14 using the continuity correction. In the limit as n with np= fixed, WEEK 6 page 14 we see the geometric random variable X rescaled by 1/n is then approximated by an exponential r.v. T with parameter EXAMPLE 7 Suppose calls arrive at a telephone switchboard according to a Poisson process with rate one call every four minutes on average (so mean number of calls per minute is.25) Then X = the number of minutes between successive calls is an exponential random variable with mean rate =.25 (or equivalently =4 ) so a) the probability that more than 4 minutes elapse between successive calls is P X 4=e.254 =e 1 =.368 We could also have obtained this via the complementary event : P X 4 = 1 P X 4=1 F X x=1 1 e.254 =e 1 b) The mean time between successive calls is E [ X ] = 1 = 4 minutes. For exponential random variables the mean is also the standard deviation so the standard deviation of X the time between successive calls is also X = 1 =4 minutes c) Find the probability that a call arrives in less than 3 minutes : P X 3=F 3=1 e.253 =.5276 d) Find the probability that no calls arrive in a 8 minute interval : P X 8=e.258 =e 2 =.1353 Note that this is also the probability of deviating by at least 1 standard deviation from the mean. e) Find the probability that the next call arrives sometime between the 2 nd and 3 rd minute after the last call P 2 X 3=F 3 F 2=1 e e.252 =e.252 e.253 = =.1342 EXAMPLE 8 Consider 4 identical components connected in series, each of which has an exponential lifetime X i with parameter =.1 independent of the lifetime of the other components The system fails as soon as any of the components fails. Let X = lifetime of the system = min X i ;i=1,2,3,4 = minimum of the lifetimes of each component a) express the event { X t } that the system is functioning at time t in terms of the events { X i t } ; i=1,2,3,4 { X t }={ X 1 t } { X 2 t } { X 3 t } { X 4 t } b) What is the probability that the system functions at time t? By independence and the identical nature of the components this is just P X t=p X 1 t P X 2 t P X 3 t P X 4 t =P X 1 t 4 =e t 4 =e 4 t =e.4 t which is exactly the tail probability of an exponential random variable with parameter 4. Thus the system life is exponential with parameter 4. (Note : There is nothing special about the number of components being 4 here. Moreover the above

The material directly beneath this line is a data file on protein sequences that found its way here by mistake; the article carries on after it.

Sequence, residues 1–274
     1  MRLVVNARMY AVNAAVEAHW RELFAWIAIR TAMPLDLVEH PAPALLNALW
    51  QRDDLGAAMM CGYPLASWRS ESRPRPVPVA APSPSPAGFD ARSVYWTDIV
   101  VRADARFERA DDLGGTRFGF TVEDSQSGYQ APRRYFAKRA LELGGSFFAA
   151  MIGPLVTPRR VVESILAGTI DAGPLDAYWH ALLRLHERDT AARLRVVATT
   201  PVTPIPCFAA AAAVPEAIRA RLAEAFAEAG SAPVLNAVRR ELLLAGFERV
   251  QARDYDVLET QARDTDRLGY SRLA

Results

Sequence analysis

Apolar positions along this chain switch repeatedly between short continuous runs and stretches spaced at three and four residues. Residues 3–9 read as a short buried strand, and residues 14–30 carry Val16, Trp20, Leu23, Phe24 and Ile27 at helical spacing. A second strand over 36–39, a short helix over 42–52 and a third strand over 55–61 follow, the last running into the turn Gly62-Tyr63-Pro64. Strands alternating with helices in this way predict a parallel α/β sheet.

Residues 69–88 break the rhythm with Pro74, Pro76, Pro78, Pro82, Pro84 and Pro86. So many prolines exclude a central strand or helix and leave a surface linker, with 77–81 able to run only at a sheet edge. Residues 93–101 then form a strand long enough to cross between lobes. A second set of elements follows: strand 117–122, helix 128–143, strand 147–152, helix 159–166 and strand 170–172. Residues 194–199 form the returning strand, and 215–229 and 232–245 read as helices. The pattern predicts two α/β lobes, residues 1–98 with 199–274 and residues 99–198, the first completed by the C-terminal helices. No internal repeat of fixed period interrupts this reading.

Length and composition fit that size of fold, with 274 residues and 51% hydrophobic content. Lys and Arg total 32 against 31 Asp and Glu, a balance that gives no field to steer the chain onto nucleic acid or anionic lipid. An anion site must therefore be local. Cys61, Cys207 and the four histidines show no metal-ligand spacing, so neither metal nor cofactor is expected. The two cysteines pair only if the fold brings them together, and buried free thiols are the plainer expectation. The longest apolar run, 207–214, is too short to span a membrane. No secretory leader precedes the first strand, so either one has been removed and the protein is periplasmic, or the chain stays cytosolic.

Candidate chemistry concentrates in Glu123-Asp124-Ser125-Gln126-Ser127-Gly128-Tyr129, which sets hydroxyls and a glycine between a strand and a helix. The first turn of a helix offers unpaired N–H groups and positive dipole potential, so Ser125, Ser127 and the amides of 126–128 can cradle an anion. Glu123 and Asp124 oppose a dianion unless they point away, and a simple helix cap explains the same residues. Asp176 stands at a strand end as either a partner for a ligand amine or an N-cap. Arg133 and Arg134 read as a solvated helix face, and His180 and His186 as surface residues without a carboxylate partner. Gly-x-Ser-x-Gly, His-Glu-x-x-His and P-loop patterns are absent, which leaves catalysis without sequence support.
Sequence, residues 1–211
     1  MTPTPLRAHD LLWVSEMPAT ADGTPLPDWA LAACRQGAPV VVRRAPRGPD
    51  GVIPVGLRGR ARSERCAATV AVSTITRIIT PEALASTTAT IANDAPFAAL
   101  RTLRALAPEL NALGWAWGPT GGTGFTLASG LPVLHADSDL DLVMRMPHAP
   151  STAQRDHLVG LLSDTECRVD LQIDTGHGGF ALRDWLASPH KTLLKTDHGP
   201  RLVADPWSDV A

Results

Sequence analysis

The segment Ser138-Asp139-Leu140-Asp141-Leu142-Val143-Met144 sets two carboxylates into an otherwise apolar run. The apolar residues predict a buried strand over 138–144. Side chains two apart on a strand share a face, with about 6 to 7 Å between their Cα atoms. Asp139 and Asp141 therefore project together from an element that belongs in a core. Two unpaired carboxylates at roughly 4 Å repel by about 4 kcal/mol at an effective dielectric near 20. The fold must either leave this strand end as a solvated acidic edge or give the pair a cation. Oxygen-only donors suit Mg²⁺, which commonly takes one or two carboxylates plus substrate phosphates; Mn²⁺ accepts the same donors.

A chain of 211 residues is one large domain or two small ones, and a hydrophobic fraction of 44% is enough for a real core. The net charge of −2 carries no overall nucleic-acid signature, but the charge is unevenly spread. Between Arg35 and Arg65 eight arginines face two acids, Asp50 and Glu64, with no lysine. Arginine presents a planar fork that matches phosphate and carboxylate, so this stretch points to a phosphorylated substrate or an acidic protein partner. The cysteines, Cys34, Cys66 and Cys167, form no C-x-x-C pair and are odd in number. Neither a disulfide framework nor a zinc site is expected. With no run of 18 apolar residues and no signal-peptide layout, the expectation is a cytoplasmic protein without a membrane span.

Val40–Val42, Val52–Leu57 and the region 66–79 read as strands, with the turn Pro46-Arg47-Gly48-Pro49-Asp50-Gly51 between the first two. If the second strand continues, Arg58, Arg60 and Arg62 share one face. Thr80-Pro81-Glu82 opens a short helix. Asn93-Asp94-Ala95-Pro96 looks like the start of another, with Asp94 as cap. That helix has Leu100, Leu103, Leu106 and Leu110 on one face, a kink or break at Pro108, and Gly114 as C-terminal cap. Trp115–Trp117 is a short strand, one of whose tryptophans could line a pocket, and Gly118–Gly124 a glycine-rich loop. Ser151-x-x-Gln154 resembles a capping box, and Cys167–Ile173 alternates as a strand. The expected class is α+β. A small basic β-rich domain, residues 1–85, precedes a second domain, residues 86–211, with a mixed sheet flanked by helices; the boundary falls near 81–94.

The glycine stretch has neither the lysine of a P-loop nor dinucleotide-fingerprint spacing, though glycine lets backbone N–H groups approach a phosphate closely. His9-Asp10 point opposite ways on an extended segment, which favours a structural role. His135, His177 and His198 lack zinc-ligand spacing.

15 discussion illustrates how to find the WEEK 6 page 15 distribution of the minimum of a collection of independent random variables from the distribution of each of them ) It can be shown that the sum of independent gamma random variables each with the same parameter but arbitrary values i of the parameter will also have a gamma distribution with the same and with parameter = i = the sum of the i 's. Thus the i sum of n independent exponential random variables with the same parameter =1/ (which are gamma with =1 ) is not exponential but rather a special case of the gamma distribution known as the Erlang distribution (gamma with parameters =n and =1/ ). The chisquared distribution with parameter corresponds to the special case of the gamma distribution with =/2 and =2 and is the distribution of the X 2 random variable X 2 n 1 S2 = when S 2 = 1 n X 2 n 1 i x 2 i =1 is the sample variance of a sample of size n drawn from a normal population having variance 2. Here the parameter =n 1 is called the number of degrees of freedom. The chisquared distribution is thus essentially the distribution of the sum of squares of normally distributed random variables and can easily be used to give the distribution of the sample variance of a sample drawn from a normally distributed population. We only mention here its relation to the gamma distribution but will postpone further discussion until chapter 6.